Bhabha's bungalow creates history, goes under hammer for Rs 372 crore

Jun 19, 2014, 08:56 IST | Varun Singh

The auction of the 17,550 sq ft property has become the costliest deal in India, after it was sold for Rs 2.11 lakh per sq ft, the highest paid for any real estate

Despite receiving flak for selling the iconic bungalow where the father of India’s nuclear programme, Homi Bhabha, had once resided, ‘Mehrangir’ went under the hammer for a record-breaking Rs 372 crore on Wednesday, making it the costliest deal per square feet in India. The sprawling 17,550 square foot property at Malabar Hill was auctioned at the National Centre for Performing Arts (NCPA).

The Mehrangir bungalow was once resided by Homi Bhabha, the father of Indian nuclear programme. Pic/Suresh KK
The Mehrangir bungalow was once resided by Homi Bhabha, the father of Indian nuclear programme. Pic/Suresh KK

“Had there been no negative publicity, the bids would have been higher. We had eight bidders, but only three turned up at the end,” informed Suntook Khusro, Chairman of NCPA. After Bhabha’s death in a plane crash in 1966, his brother Jamshed became the custodian of the nearly 70-year-old estate.

In Jamshed’s will, the patron of art and culture bestowed the bungalow to the NCPA trust. The auction attracted a lot of protests, both by the science fraternity and political parties. The NCPA plans to use the proceeds from the auction for modernisation of its facilities.

“We are short of funds, and this money will be used to modernise the centre,” said Khusro, adding, “The BARC could have participated in the auction and taken the bungalow. While the estate is not a heritage property and the owner can use it as per their requirement, we hope the winner of the bid will use it for himself.”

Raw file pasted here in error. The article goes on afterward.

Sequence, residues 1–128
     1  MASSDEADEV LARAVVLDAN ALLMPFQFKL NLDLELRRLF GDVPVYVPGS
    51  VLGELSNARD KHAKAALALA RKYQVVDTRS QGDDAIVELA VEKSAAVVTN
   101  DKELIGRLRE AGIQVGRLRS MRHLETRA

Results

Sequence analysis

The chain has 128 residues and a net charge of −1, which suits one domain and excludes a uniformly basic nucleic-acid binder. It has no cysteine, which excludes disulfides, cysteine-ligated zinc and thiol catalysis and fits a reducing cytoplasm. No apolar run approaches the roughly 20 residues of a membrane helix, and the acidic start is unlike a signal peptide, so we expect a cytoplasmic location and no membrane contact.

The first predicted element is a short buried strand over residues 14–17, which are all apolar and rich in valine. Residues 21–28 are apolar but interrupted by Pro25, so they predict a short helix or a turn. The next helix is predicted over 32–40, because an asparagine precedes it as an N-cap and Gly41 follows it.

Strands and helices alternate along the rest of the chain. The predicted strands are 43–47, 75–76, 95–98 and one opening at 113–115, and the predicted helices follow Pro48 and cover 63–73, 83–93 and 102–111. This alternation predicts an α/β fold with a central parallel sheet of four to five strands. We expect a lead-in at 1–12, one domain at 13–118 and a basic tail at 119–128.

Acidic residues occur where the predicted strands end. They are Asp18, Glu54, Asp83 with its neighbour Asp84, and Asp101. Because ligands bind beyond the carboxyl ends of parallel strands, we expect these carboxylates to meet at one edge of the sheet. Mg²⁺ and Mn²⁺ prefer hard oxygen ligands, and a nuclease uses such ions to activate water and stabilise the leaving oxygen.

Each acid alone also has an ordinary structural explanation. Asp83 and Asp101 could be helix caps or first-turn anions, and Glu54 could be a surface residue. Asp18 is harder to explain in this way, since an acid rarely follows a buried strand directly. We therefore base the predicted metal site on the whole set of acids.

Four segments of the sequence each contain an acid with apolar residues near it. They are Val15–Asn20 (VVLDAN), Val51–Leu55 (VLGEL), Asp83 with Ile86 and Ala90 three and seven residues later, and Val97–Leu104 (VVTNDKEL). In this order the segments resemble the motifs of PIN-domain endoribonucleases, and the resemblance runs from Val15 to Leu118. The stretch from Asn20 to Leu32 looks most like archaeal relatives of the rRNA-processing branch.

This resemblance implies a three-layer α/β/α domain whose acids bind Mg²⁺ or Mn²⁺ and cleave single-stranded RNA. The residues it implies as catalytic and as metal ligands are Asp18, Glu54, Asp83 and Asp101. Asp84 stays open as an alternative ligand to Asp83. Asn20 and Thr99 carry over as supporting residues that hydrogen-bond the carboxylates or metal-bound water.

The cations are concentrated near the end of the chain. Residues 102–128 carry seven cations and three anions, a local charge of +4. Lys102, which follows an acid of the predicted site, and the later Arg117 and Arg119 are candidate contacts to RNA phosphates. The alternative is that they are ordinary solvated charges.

According to the chairman, they had allowed people from the scientist fraternity to take away any documents of importance or connected to Dr Homi Bhabha, from the bungalow.

Who won?
According to mid-day’s sources, the three final bidders included two top realtors and a person associated with the NCPA. “We’ve heard that Phiroza Godrej was the one with the highest bid, but nothing is confirmed,” informed a source.

However, when this reporter tried to contact Godrej, her secretary said that she is busy in meetings. Officials from the NCPA have maintained their silence about the winner, claiming that the new owner would like to remain anonymous.

“The sale of Mehrangir was also significant as it did not attract developers to the bidding process, and was led entirely by investors/ end users looking to create a personal landmark in the city. This was the primary reason why the final sale price was much higher than the reserved price.

A freehold property, such as this, which offers its buyer a clear and marketable title, are few and far in between in Mumbai, and therefore individual investors were interested.

The strategic location and architecture splendour is expected to be exploited for self use,” said Sanjay T, Executive Managing Director- South Asia of Cushman Wakefield, a real estate consultancy.

Go to top